The treatment of superannuation in a property settlement between separating couples was historically a problem area because of the special qualities of superannuation interests. Because of strict rules in relation to superannuation interests, it has sometimes been difficult to arrive at a settlement which is fair to both parties. If your property settlement is dealt with under the Family Law Act, superannuation as well as other assets can be divided as part of your property settlement. As most people have superannuation this will have a significant effect on most people’s property settlement.
The law in relation to superannuation provides that it is to be treated as though it were property of the parties. The court can make orders ‘splitting’ or ‘flagging’ superannuation interests. A splitting order splits the superannuation interest so that some of it is given to the other partner. A flagging order prevents the superannuation fund paying out any money when the member retires until the court has decided how the money should be paid. These orders must be obeyed by the superannuation funds provided they are given notice of the orders sought and the opportunity to seek changes to these proposed orders.
A member of a superannuation fund or the partner of a member can apply to a superannuation fund for information about the member’s interest in the fund. The fund is required to give this information provided that all the legal requirements of the request are met. The law states what information must be supplied by the fund. This information enables the member’s interest in the fund to be valued and assists the parties and the court to decide how the superannuation interest should be dealt with in a property settlement.
Valuing superannuation interests
The law provides a formula for the valuation of a superannuation interest. There are many different types of superannuation interests and there is a special formula for each type. Some funds, particularly large government funds, have their own valuation formulas approved. The one exception is self-managed superannuation funds for which there is no set formula. A formal valuation by a qualified expert may be needed for these types of fund.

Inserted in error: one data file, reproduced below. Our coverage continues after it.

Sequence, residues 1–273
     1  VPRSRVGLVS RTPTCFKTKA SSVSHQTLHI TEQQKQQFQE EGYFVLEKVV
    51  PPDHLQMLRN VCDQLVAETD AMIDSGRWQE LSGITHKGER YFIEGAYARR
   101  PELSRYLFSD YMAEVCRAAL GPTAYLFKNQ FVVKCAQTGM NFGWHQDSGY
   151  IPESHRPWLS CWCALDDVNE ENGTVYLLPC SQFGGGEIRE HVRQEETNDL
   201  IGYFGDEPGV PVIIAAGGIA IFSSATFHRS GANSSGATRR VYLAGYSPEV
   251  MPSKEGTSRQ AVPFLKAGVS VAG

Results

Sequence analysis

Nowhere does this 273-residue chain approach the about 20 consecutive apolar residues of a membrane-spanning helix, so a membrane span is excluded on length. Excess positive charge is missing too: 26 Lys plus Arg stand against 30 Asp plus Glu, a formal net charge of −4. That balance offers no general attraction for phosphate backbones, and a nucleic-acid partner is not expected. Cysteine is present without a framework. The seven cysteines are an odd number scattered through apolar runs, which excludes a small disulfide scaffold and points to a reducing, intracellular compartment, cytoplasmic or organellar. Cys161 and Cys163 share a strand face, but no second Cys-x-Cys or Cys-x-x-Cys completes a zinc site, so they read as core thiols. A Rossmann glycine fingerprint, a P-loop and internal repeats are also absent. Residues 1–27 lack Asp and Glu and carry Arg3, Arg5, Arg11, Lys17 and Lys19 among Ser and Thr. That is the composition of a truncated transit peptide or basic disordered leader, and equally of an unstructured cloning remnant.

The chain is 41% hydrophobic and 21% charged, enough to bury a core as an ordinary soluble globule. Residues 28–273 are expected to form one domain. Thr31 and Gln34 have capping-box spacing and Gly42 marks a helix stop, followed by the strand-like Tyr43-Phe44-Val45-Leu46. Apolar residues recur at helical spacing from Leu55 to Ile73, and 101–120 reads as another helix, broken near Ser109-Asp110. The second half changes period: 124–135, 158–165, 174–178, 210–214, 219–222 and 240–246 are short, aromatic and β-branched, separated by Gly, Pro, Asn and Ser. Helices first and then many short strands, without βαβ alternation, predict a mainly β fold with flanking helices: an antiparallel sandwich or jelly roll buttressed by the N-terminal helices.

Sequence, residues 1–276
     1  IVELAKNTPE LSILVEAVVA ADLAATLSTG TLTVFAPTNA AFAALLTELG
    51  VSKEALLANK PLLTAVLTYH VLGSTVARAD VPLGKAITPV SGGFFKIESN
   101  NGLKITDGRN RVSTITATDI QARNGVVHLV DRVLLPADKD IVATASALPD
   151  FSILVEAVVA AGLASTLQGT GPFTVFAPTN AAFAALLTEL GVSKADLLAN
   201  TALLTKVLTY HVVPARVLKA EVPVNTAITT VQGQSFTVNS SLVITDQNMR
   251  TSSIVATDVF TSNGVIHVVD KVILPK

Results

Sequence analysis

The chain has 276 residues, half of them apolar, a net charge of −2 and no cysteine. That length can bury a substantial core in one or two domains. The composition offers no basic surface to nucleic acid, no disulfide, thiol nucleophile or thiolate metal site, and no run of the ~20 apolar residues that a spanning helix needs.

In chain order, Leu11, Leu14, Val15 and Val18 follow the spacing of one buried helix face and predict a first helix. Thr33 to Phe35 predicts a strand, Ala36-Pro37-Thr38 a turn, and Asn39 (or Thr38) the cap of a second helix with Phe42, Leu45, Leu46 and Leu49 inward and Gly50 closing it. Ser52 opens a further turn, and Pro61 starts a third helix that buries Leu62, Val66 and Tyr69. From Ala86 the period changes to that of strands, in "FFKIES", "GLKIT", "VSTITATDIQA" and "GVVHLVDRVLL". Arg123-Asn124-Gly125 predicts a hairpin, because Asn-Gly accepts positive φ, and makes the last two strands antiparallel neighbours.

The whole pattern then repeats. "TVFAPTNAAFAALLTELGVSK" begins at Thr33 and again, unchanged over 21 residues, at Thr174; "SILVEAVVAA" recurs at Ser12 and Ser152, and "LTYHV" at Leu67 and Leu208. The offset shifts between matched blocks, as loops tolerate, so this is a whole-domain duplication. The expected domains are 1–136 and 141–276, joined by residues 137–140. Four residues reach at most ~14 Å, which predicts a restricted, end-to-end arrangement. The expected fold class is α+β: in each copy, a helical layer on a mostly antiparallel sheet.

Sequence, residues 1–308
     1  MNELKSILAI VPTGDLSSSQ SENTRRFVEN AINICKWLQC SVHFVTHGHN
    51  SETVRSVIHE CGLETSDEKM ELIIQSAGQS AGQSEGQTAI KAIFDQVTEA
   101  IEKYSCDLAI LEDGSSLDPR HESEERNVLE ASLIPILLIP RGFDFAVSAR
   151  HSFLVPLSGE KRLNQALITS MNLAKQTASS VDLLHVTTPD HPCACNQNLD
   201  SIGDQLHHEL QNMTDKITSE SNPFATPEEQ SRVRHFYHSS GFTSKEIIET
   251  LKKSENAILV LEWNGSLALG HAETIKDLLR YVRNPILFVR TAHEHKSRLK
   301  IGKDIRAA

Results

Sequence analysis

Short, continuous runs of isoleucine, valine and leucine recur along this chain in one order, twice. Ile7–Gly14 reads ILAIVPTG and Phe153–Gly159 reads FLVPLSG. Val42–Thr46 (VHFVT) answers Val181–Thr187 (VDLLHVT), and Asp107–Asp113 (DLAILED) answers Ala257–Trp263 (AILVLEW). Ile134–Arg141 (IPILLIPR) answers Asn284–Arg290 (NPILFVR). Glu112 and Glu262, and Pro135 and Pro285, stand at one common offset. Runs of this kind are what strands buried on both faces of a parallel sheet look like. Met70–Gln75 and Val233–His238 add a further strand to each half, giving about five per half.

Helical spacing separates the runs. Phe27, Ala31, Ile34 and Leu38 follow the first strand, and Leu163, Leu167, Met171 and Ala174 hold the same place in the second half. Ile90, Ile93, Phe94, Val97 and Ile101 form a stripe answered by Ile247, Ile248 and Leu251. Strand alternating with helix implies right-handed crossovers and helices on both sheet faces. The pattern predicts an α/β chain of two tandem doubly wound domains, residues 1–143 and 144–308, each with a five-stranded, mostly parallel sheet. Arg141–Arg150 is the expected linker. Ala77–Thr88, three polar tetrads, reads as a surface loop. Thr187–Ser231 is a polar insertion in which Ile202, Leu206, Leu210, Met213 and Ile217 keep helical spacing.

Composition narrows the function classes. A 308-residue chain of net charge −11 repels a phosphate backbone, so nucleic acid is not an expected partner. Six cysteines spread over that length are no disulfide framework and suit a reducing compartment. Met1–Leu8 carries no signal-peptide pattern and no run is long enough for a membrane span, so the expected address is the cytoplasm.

Entitlement to superannuation interest
The law provides that each party’s superannuation interest is to be taken into account when examining how much superannuation each party is entitled to retain. The same basic “4-step” process described in our Plain English Guide to Property Settlement is applied to superannuation. Additionally factors such as when the parties began contributing to their superannuation funds are taken into account as well.
Carrying out the orders
Proposed orders affecting a superannuation interest must be given to the superannuation fund before the orders are made to ensure the orders comply with the fund’s requirements. The superannuation fund must also be provided with a copy of the orders once they have been made by a Court. How the orders operate varies from case to case depending on what the particular orders say, and the type of superannuation interest. Most splitting orders will result in the creation of a new superannuation interest for the person who is not a member of the fund.
Tax and financial planning issues
Orders relating to superannuation interests can have very important consequences. It is essential that your lawyer understands the potential tax and financial planning implications and knows where to get expert advice about these issues. In some cases superannuation splitting orders can be used to the financial advantage of both parties, for example by minimising potential tax liabilities.
How can Coleman Greig help you?
The law relating to the treatment of superannuation in property settlements is complex. It is essential that your lawyer has a sound understanding of these issues to ensure you receive the best possible outcome.
At Coleman Greig we have a number of lawyers, including an accredited specialist, practising exclusively in the area of family law. As well as our practical experience in all aspects of family law, other specialist practitioners in the firm are able to contribute their expertise in areas such as commercial, taxation and property law where such issues need to be considered in dealing with your case.
Where appropriate we will work with your other advisers, such as your accountant, so as to achieve a good understanding of all aspects of your case and provide you with the best possible representation.